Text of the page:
More New and Used
from Private Sellers
In Stock Usually Ships in 24 Hours
Questions About This Book?
Why should I rent this book?
Renting is easy, fast, and cheap! Renting from eCampus.com can save you hundreds of dollars compared to the cost of new or used books each semester. At the end of the semester, simply ship the book back to us with a free UPS shipping label! No need to worry about selling it back.
How do rental returns work?
Returning books is as easy as possible. As your rental due date approaches, we will email you several courtesy reminders. When you are ready to return, you can print a free UPS shipping label from our website at any time. Then, just return the book to your UPS driver or any staffed UPS location. You can even use the same box we shipped it in!
What version or edition is this?
This is the 1st edition with a publication date of 7/12/2010.
What is included with this book?
- The New copy of this book will include any supplemental materials advertised. Please check the title of the book to determine if it should include any CDs, lab manuals, study guides, etc.
- The Rental copy of this book is not guaranteed to include any supplemental materials. You may receive a brand new copy, but typically, only the book itself.
The Periodic Table is one of man's crowning scientific achievements. But it's also a treasure trove of stories of passion, adventure, betrayal, and obsession. The infectious tales and astounding details in THE DISAPPEARING SPOON follow carbon, neon, silicon, and gold as they play out their parts in human history, finance, mythology, war, the arts, poison, and the lives of the (frequently) mad scientists who discovered them. We learn that Marie Curie used to provoke jealousy in colleagues' wives when she'd invite them into closets to see her glow-in-the-dark experiments. And that Lewis and Clark buried mercury capsules across the country and their campsites are still detectable by the poison in the ground. Why did Gandhi hate iodine? Why did the Japanese kill Godzilla with missiles made of cadmium? And why did tellurium lead to the most bizarre gold rush in history? From the Big Bang to the end of time, it's all in THE DISAPPEARING SPOON.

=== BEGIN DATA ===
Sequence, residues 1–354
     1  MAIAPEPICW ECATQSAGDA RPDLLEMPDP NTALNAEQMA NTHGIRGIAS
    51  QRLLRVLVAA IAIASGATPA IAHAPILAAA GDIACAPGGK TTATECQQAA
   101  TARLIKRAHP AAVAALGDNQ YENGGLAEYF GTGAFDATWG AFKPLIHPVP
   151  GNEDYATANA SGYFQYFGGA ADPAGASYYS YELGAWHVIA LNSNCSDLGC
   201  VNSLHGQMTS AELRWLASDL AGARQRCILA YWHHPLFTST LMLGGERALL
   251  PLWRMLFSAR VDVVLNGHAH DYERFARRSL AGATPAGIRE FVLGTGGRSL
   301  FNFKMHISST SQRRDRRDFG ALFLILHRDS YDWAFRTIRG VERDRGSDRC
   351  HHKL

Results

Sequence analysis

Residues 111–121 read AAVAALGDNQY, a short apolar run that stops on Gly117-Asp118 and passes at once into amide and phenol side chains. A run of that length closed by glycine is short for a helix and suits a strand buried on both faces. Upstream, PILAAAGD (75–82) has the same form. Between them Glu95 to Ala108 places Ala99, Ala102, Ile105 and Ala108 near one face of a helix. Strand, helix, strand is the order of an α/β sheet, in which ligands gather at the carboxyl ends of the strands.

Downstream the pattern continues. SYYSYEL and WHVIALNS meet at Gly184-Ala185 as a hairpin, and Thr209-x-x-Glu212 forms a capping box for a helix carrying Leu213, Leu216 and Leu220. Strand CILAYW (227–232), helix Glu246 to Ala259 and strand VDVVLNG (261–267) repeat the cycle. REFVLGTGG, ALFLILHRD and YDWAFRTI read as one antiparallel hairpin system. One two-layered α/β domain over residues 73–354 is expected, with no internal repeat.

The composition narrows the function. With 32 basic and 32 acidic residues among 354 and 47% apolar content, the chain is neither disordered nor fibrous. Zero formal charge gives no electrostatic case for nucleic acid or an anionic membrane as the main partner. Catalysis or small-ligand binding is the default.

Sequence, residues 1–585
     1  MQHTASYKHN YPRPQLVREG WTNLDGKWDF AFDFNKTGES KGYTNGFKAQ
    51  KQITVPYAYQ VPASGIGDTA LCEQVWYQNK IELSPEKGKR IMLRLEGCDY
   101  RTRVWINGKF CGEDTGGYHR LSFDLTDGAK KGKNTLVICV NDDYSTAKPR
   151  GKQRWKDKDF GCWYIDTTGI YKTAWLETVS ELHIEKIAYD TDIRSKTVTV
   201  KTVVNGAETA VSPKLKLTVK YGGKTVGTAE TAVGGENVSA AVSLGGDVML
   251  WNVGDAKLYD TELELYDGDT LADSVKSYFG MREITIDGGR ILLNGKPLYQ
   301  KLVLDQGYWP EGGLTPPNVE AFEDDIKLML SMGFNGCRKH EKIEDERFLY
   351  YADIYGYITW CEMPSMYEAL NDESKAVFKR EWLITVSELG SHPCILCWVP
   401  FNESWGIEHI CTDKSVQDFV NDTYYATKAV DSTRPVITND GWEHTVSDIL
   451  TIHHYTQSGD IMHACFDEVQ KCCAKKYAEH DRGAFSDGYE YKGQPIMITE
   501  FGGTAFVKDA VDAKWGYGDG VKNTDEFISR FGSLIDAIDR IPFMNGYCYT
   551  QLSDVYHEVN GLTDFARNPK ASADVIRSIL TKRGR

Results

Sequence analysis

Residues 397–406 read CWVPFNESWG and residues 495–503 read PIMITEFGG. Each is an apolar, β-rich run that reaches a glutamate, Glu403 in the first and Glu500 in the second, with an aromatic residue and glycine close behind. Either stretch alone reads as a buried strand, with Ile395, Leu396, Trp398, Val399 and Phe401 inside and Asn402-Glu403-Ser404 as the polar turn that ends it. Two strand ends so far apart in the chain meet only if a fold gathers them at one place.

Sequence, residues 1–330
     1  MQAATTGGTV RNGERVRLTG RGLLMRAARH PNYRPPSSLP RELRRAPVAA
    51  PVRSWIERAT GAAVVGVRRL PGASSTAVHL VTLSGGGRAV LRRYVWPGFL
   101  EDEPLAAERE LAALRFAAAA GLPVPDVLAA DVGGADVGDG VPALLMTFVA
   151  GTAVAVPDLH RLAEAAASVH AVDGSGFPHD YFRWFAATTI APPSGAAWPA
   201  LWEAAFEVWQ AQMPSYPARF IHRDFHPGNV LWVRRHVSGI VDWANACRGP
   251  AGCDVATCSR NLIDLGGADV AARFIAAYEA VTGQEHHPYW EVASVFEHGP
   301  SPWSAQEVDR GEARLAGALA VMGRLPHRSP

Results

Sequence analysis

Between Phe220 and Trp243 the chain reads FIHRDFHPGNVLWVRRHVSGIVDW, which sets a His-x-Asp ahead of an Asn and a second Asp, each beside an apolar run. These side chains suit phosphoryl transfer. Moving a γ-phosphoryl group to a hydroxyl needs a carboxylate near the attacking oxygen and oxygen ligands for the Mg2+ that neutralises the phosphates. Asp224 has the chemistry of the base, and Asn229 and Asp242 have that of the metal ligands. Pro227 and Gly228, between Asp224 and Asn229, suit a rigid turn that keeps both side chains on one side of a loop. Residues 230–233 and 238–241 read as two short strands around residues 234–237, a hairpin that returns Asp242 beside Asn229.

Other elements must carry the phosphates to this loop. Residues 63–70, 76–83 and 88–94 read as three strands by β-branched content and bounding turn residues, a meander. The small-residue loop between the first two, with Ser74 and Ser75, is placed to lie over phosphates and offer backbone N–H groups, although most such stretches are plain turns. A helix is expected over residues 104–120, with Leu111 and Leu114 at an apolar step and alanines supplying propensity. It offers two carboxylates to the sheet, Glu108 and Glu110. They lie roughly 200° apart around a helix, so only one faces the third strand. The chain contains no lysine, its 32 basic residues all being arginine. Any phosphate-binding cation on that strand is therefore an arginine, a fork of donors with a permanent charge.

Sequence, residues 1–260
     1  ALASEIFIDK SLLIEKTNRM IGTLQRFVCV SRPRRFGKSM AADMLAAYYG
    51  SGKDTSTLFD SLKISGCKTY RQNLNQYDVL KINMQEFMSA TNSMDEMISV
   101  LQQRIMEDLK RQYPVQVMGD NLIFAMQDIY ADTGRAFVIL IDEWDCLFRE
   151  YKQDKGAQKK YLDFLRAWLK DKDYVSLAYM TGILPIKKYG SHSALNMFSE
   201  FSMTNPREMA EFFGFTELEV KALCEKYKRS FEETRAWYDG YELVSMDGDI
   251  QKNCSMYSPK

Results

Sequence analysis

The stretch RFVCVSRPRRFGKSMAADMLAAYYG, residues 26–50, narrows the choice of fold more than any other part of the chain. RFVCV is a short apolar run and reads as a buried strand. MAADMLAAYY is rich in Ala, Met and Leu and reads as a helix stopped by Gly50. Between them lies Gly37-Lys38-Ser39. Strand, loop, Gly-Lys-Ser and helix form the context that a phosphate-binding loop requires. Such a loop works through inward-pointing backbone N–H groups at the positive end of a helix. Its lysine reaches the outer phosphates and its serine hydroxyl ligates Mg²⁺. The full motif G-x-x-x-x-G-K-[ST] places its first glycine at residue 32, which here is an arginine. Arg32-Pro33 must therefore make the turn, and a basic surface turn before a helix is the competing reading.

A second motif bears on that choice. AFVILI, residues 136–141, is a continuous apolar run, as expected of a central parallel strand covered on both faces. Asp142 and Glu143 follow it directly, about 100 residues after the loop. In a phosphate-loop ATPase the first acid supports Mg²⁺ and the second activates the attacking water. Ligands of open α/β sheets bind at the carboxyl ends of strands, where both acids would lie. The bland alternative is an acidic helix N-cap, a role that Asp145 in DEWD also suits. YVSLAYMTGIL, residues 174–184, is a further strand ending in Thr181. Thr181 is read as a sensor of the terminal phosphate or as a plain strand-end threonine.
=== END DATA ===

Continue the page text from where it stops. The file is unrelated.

Sam Kean is a writer in Washington, D.C. His work has appeared in The New York Times Magazine, Mental Floss, Slate, The Believer, Air & Space, Science, and The New Scientist. He is currently working as a reporter at Science magazine and as a 2009 Middlebury Environmental Journalism fellow.
Table of Contents
|Orientation: Column by Column, Row by Row|
|Geography is Destiny||p. 11|
|Near Twins and Black Sheep: The Genealogy of Elements||p. 32|
|The Galßpagos of the Periodic Table||p. 47|
|Making Atoms, Breaking Atoms|
|Where Atoms Come From: ˘We Are All Star Stuff÷||p. 65|
|Elements in Times of War||p. 81|
|Completing the Table…with a Bang||p. 98|
|Extending the Table, Expanding the Cold War||p. 115|
|Periodic Confusion: The Emergence of Complexity|
|From Physics to Biology||p. 135|
|Poisoner's Corridor: ˘Ouch-Ouch÷||p. 152|
|Take Two Elements, Call Me in the Morning||p. 167|
|How Elements Deceive||p. 186|
|The Elements of Human Character|
|Political Elements||p. 203|
|Elements as Money||p. 222|
|Artistic Elements||p. 238|
|An Element of Madness||p. 255|
|Element Science Today and Tomorrow|
|Chemistry Way, Way Below Zero||p. 277|
|Spheres of Splendor: The Science of Bubbles||p. 295|
|Tools of Ridiculous Precision||p. 314|
|Above (and Beyond) the Periodic Table||p. 331|
|Acknowledgments and Thanks||p. 347|
|Notes and Errata||p. 349|
|The Periodic Table of the Elements||p. 392|
|Table of Contents provided by Ingram. All Rights Reserved.|